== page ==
Envisioning our Future: The Constant is Change

Last week I shared some highlights of the Envisioning our Future interview project with TULUP staff. In this post I begin to pull together themes that emerged over the course of the project’s three phases: organizational communication, change and connection.  

We began this research journey in early 2019 as library staff at Paley Library were planning the move to Charles. In proposing this assessment project to the Association of Research Libraries, I referenced the Atheneum21 report on successful implementation of digital strategies in libraries. Success, they said, is about the people and the culture, not the technologies themselves.  This new space, Charles Library, would be full of exciting technologies for collaboration and research, for staff and for users. We wanted to explore how our people, the TULUP staff, imagined the spaces changing their work. What are the opportunities, and what are the envisioned challenges?

The research design was qualitative; semi-structured interviews. We asked about the spaces that staff used for work as individuals, with colleagues and users, and how they felt supported in making those changes.

In reflecting on the new space, one interviewee says,   

In order to survive and thrive in the new building, we’re going to have to work together more closely. I expect that some people will be resistant to that sort of change, but I thing by and large people, especially in the beginning, will be receptive, because we’ll be in the new, really unique space. (p. 9) 

I think it will be a nice opportunity for me to chat with some people that I don’t normally interact with” (p. 9)  

From: Envisioning our Future, Report on Findings and Staff Conversations, August 12, 2019

In Phase II we conducted a second round of interviews about six months after the move to Charles, but just before the pandemic hit. Findings were reported in July 2020 as The Future in Now: How We’re Working at Charles. Not surprisingly, change and communication were central themes emerging from this round of interviews. We noted that clear and regular communication about operations during the change was key – staff needed ready access to information about known problem areas in the building and technology. Staff working on the front lines, using instruction and consultation spaces, and helping users at the service desks, felt particularly frustrated by unexpected disruptions. Noise! Technology glitches! Help!

But staff recognized these early days as transitional and once again, there was a sense of optimism about the future:  

Change is hard. I feel like in a couple of years it’s going to be fine. I think sometimes it’s a little demoralizing that people aren’t seeing the potential of the building. They’re expecting everything to be perfect right away. 

After three, four months I’m starting to feel like this is where we are. This is our future. (p23) 

We reported on perceived changes in organizational culture. Many interviewees spoke to the new physical spaces necessitating a shift in how staff work together, “from shared workspaces to increased need for inter-departmental cooperation in providing positive service experiences for our users.”  

I think that we need to be talking a lot more about how to create a workplace culture that is going to work, where we have respect for each other’s boundaries and space in a way that we’ve never had to talk about before.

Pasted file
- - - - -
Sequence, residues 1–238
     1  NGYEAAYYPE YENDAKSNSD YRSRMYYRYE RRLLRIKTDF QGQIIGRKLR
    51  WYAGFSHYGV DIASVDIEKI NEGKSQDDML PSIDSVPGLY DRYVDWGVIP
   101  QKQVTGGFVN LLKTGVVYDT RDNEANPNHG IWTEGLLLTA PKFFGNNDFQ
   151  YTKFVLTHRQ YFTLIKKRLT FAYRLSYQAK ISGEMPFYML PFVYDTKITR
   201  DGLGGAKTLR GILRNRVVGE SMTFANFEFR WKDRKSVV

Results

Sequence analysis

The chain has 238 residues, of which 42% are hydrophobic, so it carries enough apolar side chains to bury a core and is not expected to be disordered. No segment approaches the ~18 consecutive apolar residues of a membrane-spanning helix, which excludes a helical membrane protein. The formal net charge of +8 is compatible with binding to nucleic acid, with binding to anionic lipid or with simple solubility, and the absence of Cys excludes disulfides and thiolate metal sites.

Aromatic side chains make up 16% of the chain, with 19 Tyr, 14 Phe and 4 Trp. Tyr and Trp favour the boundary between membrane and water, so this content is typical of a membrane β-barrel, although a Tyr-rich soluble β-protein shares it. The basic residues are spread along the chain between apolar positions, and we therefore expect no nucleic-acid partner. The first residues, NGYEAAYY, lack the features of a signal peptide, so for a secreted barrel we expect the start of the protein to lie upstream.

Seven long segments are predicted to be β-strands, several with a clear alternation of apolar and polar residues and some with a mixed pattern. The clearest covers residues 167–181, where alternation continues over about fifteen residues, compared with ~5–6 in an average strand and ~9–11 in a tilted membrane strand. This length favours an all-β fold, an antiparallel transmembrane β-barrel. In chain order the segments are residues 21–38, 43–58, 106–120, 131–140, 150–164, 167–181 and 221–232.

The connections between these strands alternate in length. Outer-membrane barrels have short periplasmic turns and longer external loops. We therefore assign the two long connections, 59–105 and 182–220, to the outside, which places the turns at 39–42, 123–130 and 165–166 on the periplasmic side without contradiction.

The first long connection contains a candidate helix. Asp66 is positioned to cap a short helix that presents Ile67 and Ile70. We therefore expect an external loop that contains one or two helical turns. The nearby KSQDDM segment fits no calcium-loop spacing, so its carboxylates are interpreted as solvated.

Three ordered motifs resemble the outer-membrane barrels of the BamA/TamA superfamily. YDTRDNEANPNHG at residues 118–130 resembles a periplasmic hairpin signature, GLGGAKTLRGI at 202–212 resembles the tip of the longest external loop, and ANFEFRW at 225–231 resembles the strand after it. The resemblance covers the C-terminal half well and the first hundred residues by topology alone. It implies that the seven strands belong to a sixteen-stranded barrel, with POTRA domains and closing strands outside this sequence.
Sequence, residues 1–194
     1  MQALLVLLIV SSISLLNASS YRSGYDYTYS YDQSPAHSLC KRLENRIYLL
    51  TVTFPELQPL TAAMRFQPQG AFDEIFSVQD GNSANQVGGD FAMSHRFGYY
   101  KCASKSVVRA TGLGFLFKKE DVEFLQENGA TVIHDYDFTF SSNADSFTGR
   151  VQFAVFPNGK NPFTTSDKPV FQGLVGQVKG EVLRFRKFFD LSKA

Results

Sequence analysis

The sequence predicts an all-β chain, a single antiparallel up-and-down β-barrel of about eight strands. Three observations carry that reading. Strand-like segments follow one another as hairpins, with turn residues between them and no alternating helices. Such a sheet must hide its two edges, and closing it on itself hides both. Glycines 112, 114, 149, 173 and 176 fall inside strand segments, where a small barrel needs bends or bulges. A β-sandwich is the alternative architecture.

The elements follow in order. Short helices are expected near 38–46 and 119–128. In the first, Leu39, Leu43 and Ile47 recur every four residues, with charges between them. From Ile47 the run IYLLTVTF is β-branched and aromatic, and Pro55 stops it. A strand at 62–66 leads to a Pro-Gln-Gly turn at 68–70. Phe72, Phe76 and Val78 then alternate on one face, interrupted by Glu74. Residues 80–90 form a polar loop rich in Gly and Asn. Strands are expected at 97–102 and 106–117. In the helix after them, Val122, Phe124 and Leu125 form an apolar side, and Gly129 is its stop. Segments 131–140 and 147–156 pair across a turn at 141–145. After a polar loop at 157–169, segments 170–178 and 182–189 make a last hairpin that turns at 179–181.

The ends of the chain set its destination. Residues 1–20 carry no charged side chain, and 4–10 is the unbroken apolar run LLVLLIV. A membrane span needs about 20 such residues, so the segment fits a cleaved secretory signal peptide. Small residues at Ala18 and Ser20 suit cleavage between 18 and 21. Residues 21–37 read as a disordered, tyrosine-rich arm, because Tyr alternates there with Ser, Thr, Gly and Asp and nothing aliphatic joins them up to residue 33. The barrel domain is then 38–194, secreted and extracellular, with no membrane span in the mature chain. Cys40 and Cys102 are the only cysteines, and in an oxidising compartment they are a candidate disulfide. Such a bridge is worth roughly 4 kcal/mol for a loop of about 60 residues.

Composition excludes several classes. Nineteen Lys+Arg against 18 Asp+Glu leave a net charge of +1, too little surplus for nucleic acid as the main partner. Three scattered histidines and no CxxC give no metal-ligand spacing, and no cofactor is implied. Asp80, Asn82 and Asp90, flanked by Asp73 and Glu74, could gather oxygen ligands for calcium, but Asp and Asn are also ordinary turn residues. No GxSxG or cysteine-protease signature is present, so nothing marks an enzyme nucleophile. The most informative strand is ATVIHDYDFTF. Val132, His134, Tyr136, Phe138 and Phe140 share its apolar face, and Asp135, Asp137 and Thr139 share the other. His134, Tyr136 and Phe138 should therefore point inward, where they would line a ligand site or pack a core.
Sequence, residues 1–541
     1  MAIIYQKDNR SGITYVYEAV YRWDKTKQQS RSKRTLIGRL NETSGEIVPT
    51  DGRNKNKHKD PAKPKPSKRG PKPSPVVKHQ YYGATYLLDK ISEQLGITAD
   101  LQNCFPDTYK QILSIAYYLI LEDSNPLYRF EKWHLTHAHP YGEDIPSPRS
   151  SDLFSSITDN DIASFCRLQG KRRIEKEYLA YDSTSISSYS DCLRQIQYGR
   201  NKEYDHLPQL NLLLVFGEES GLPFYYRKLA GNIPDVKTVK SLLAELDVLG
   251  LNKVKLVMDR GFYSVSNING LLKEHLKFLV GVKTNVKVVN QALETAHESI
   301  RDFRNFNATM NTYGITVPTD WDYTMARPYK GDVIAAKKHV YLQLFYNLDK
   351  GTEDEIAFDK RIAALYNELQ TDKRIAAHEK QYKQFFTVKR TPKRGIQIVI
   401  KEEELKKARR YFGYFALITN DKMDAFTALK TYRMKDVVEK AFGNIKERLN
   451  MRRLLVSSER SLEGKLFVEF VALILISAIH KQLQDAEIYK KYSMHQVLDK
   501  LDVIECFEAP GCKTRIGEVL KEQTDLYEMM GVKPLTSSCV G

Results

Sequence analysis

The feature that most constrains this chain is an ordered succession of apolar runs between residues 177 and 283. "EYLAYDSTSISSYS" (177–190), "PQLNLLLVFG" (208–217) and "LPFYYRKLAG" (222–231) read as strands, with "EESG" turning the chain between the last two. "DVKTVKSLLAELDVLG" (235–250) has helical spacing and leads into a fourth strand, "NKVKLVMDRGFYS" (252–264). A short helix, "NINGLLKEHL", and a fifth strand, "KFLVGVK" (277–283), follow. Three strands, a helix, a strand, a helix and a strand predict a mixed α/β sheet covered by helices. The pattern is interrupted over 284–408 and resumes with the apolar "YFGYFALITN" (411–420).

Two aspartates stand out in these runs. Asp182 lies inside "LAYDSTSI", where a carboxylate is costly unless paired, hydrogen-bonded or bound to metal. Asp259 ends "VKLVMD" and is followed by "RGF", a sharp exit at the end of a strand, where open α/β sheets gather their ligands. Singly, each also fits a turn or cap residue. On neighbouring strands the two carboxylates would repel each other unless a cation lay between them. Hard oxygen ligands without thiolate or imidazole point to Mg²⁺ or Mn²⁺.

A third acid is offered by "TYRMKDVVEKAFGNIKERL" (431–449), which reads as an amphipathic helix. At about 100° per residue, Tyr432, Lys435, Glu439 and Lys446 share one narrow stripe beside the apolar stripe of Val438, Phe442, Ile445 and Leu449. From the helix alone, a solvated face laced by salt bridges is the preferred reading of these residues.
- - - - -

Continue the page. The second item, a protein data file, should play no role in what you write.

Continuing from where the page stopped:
From: The Future is Now: How We’re Working at Charles, July 23, 2020

We were getting used to the new spaces, and finding out how it worked for us most effectively.

But of course the story does not end there. Just as we were wrapping up our interviews for Phase II of research in spring of 2020, the library buildings closed due to COVID. As an organization, we faced a new kind of hardship that brought us together to solve challenges, but divided us in other ways. Envisioning our Future: The Pandemic Changed Everything (completed in March 2022) provides a third “installment” to this exploration into how space supports out work. Again we asked staff, from across the library/press system, about physical and virtual spaces, onsite and remote. This hybrid work environment adds an additional dimension to our use of space, particularly in how we communicate and collaborate with colleagues.

Key findings relate to these “cultural” implications. For instance, several staff described a perceived loosening of collegial ties, particularly with those outside their immediate department or project teams. 

I worry what Covid has done to our cohesion as a staff and as an organization. I worry that it has taken an organization that was already pretty siloed and made it even more siloed because you’re not having those chance encounters. (p.15) 

There’s a lot of flexibility in our schedule and it’s very nice for life. But it’s weird for any kind of collegiality. (p.15) 

From: Envisioning our Future Phase III: The Pandemic Changed Everything, March 29, 2022

We’ve now been envisioning our future for three years. What a privilege it has been to work with three great research teams, to conduct, read and reflect on 86 interviews, and to get at this deep level of organizational self-study over three years. As we look to the future now, we need to look closely at how the hybrid work environment impacts our organization – from basics of technology and communication practices to how we collaborate effectively in our work. How do we move forward together, in unison and in service to the University? How do we create a sense of community and organizational cohesion, particularly as we onboard new staff members? And importantly, how do we best support one another during these periods of stress and disruption – as we learn that this change is not temporary, but a constant.

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